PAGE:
2016 Canadian Census
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2016 Canadian Census

27th Census of Canada
← 2011
2021 →
Canada Census 2016.png

Statistics Canada's visual identifier for
its 2016 Census of Population
Statistics Canada logo.svg
General information
Date takenMay 10, 2016; 3 years ago (2016-05-10) (official census day)
Total population35,151,728
Percent changeIncrease 5.0%
Annual percent changeIncrease 0.98%
Most populous province or territoryOntario (13,448,494)
Least populous province or territoryYukon (35,874)

The 2016 Canadian Census is the most recent detailed enumeration of the Canadian residents, which counted a population of 35,151,728, a 5% change from its 2011 population of 33,476,688. The census, conducted by Statistics Canada, was Canada's seventh quinquennial census.[N 1] The official census day was May 10, 2016. Census web access codes began arriving in the mail on May 2, 2016.[2] The 2016 census marked the reinstatement of the mandatory long-form census, which had been dropped in favour of the voluntary National Household Survey for the 2011 census.[3] With a response rate of 98.4%, this census is said to be the best one ever recorded since the 1666 census of New France.[4][5] Canada's next census is scheduled for 2021.


Consultation with census data users, clients, stakeholders and other interested parties closed in November 2012. Qualitative content testing, which involved soliciting feedback regarding the questionnaire and tests responses to its questions, was scheduled for the fall of 2013, with more extensive testing occurring in May 2014. Statistics Canada was scheduled to submit its census content recommendations for review by the Parliament of Canada in December 2014 for subsequent final approval by the Cabinet of Canada.[6]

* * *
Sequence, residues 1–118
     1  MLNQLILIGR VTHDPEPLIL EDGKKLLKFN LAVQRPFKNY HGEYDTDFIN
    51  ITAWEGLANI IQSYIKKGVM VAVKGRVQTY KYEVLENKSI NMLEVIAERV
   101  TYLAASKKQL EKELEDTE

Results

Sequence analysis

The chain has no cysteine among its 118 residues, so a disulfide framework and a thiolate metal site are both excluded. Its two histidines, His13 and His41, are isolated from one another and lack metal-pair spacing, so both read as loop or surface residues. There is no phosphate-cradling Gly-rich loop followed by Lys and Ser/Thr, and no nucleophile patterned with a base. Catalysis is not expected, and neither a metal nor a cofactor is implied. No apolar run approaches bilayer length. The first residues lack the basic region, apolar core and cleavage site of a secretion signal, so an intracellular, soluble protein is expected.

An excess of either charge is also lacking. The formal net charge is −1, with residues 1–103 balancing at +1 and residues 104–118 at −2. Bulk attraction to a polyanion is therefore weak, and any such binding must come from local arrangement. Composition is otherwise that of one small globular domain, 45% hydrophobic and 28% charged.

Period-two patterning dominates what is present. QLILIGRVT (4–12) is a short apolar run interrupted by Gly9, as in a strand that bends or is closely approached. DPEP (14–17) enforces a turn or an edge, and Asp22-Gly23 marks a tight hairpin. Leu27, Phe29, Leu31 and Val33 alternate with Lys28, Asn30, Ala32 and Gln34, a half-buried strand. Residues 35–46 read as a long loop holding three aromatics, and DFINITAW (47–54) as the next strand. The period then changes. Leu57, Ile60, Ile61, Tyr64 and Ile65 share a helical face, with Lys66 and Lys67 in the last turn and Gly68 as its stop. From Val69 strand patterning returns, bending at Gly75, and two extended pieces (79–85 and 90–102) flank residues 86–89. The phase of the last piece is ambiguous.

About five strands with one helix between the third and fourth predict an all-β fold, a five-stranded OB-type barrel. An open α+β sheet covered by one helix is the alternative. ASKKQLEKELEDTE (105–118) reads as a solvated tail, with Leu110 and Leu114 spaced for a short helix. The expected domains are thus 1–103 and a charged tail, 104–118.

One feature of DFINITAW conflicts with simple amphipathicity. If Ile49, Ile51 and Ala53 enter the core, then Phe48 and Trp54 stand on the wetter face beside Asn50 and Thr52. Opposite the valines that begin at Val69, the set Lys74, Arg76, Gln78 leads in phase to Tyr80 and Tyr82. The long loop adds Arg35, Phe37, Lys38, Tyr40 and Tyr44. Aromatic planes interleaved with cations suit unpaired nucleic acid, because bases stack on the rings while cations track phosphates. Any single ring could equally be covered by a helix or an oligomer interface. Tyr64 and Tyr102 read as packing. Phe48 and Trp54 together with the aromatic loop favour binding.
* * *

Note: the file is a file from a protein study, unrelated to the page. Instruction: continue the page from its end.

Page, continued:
On November 5, 2015, during the first Liberal caucus meeting after forming a majority government, the party announced that it would reinstate the mandatory[7] long-form census,[8] starting in 2016. By early January 2016, Statistics Canada had announced a need for 35,000 people to complete this survey to commence in May.[9]

Data release schedule


Portions of Canada's three territories and remote areas within Alberta, Labrador, Manitoba, Quebec and Saskatchewan were subject to early enumeration between February 1, 2016, and March 31, 2016.[11] Enumeration of the balance of Canada began on May 2, 2016, with the unveiling of the online census questionnaire,[12] eight days prior to the official census day of May 10, 2016.[13] Because of a wildfire in early May in northeast Alberta, Statistics Canada suspended enumeration efforts in the Fort McMurray area with alternate means to collect data from its evacuated residents to be determined at a later date.[14] Shortly after re-entry, residents were encouraged to complete their census form online or over the phone; however door-to-door enumeration remained suspended.[15]

Public response

Non-binary activists expressed concern that the choice between "male" and "female" on the "sex" question left them with no valid options.[16] In response, Statistics Canada stated that "Respondents who cannot select one category ... can leave the question blank and indicate, in the Comments section at the end of the questionnaire, the reason(s) for which they've chosen to leave this question unanswered."[17] Statistics Canada stated that they intend to analyze these comments but that because of the technical difficulties of analyzing free-form text, this analysis will not be released on the same schedule as the binary gender data.[17]


In the 2016 Census of Population, Canada recorded a population of 35,151,728 living in 14,072,079 of its 15,412,443 total private dwellings, a 5% change from its 2011 population of 33,476,688. With a land area of 8,965,588.85 km2 (3,461,633.21 sq mi), it had a population density of 3.9/km2 (10.2/sq mi) in 2016.[18] Canada's most and least populous provinces were Ontario at 13,448,494 and Prince Edward Island at 142,907 respectively. Among the three territories, the Northwest Territories was the largest with a population of 41,786 while Yukon was the smallest with a population of 35,874[19] after Nunavut's population overtook Yukon for the first time in its history.[20]

The majority of Canada's population in 2016 were females at 50.9%, while 49.1% were males. The average age of the population was 41.0 years (40.1 years for males and 41.9 years for females).[18]

In terms of occupied private dwellings, 53.6% of them were single detached dwellings, followed by 18% being units in apartment buildings less than five storeys, and 9.9% being apartment units in buildings with five or more storeys. The average household size was 2.4 people per household. Two-person households were the most frequent size among private households at 34.4%.[18]